The Centre for the AIDS Program of Research in South Africa (CAPRISA) 004 trial assessed the effectiveness and safety of a 1% vaginal gel formulation of tenofovir, a nucleotide reverse transcriptase inhibitor, for the prevention of HIV acquisition in women. A double-blind, randomized controlled trial was conducted comparing tenofovir gel (n = 445 women) with placebo gel (n = 444 women) in sexually active, HIV-uninfected 18- to 40-year-old women in urban and rural KwaZulu-Natal, South Africa. HIV serostatus, safety, sexual behavior, and gel and condom use were assessed at monthly follow-up visits for 30 months. HIV incidence in the tenofovir gel arm was 5.6 per 100 women-years (person time of study observation) (38 out of 680.6 women-years) compared with 9.1 per 100 women-years (60 out of 660.7 women-years) in the placebo gel arm (incidence rate ratio = 0.61; P = 0.017). In high adherers (gel adherence > 80%), HIV incidence was 54% lower (P = 0.025) in the tenofovir gel arm. In intermediate adherers (gel adherence 50 to 80%) and low adherers (gel adherence < 50%), the HIV incidence reduction was 38 and 28%, respectively. Tenofovir gel reduced HIV acquisition by an estimated 39% overall, and by 54% in women with high gel adherence. No increase in the overall adverse event rates was observed. There were no changes in viral load and no tenofovir resistance in HIV seroconverters. Tenofovir gel could potentially fill an important HIV prevention gap, especially for women unable to successfully negotiate mutual monogamy or condom use.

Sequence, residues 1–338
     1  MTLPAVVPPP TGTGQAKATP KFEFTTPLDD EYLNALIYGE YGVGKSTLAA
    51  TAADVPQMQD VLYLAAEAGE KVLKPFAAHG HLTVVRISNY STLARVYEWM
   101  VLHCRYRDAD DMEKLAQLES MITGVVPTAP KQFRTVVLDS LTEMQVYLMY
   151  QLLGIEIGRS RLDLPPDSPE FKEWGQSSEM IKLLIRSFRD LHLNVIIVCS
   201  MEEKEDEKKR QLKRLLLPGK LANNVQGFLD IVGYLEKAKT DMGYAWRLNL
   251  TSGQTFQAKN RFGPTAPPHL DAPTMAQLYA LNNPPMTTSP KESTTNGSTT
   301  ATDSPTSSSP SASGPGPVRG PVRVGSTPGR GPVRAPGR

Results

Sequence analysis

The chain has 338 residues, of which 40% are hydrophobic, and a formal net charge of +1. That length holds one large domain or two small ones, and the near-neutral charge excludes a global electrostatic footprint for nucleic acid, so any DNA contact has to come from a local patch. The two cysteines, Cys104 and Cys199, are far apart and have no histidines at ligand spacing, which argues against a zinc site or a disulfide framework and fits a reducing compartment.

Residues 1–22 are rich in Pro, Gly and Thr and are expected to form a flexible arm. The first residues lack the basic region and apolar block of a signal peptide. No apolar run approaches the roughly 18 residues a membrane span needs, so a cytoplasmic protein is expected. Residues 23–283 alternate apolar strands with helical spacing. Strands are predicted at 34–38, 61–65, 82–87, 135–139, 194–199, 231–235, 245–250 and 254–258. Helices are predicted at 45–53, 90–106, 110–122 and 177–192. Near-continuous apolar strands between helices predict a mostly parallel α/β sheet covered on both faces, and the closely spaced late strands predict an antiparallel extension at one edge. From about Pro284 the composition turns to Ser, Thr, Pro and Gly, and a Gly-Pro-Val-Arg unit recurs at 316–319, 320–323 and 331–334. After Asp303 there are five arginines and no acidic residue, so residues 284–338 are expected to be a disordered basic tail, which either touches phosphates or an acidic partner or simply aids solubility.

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        On-Demand Preexposure Prophylaxis in Men at High Risk for HIV-1 Infection.